February 22, 2024

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Legislative Leaders Name Members of Interim School Finance Committee

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Eleven lawmakers will be tasked with making school finance recommendations to the Kansas Legislature. The interim committee will meet three times between now and the start of the 2018 legislative session.

Lawmakers have until April 30 to craft a new school financing formula. The Kansas Supreme Court ruled legislators’ latest school finance mechanism doesn’t adequately calculate funding.

The committee will be comprised of five Senators and six House members. Members include House Republicans Blaine Finch of Ottawa, Troy Waymaster of Bunker Hill, Larry Campbell of Olathe, and Steven Johnson of Assaria, and House Democrats Ed Trimmer of Winfield and Valdenia Winn of Kansas City. Republican Senators include Molly Baumgardner of Louisburg, Jim Denning of Overland Park, Carolyn McGinn of Sedgwick, and Rick Wilborn of McPherson. Senate Minority Leader Anthony Hensley, a Topeka Democrat, will also serve on the committee.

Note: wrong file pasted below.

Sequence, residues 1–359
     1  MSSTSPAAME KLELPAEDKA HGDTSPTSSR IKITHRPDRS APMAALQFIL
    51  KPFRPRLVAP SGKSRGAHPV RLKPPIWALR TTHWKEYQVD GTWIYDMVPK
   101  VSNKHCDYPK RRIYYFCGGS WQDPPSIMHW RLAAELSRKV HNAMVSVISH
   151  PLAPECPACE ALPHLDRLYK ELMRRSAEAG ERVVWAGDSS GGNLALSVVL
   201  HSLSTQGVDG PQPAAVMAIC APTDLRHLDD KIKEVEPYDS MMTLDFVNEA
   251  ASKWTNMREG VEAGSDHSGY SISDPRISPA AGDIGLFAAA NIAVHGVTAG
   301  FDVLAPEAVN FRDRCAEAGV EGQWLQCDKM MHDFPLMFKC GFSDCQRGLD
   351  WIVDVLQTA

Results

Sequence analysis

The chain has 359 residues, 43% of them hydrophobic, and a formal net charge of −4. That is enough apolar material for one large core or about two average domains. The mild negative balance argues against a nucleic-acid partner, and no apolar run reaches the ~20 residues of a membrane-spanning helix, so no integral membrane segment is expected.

The makeup of the committee may give an indication of solutions they may study. Denning, who serves as the Senate Majority Leader, voted to put a Constitutional question on the ballot that would limit the state Supreme Court’s authority in school finance cases in 2016. Senators needed 27 votes to put the question before voters, but the proposal fell one vote short.

Four days ago, he said the Court continues to strike down school funding bills approved by lawmakers who voters chose.

“One solution would be to let the voters reevaluate what ‘suitable’ means to them and take a vote on it,” he said.

The Kansas Supreme Court unanimously ruled that a financing formula legislators adopted during the 2017 session unconstitutional. The justices specifically noted that the formula wasn’t equitable or adequate.

Hensley, however, has said the Court is a co-equal branch of government. He has recommended adopting a finance formula that injects more money into public schools. Lawmakers approved an additional $300 million for schools last session, but that didn’t meet the Court’s muster. The Court didn’t say how much money would be required in a new formula, but plaintiffs in the ongoing school financing lawsuit have suggested $600 million might do the trick.

No matter what the interim committee recommends, any new formula will require passage in both the House and Senate by April 2018 to meet a Court-mandated deadline.

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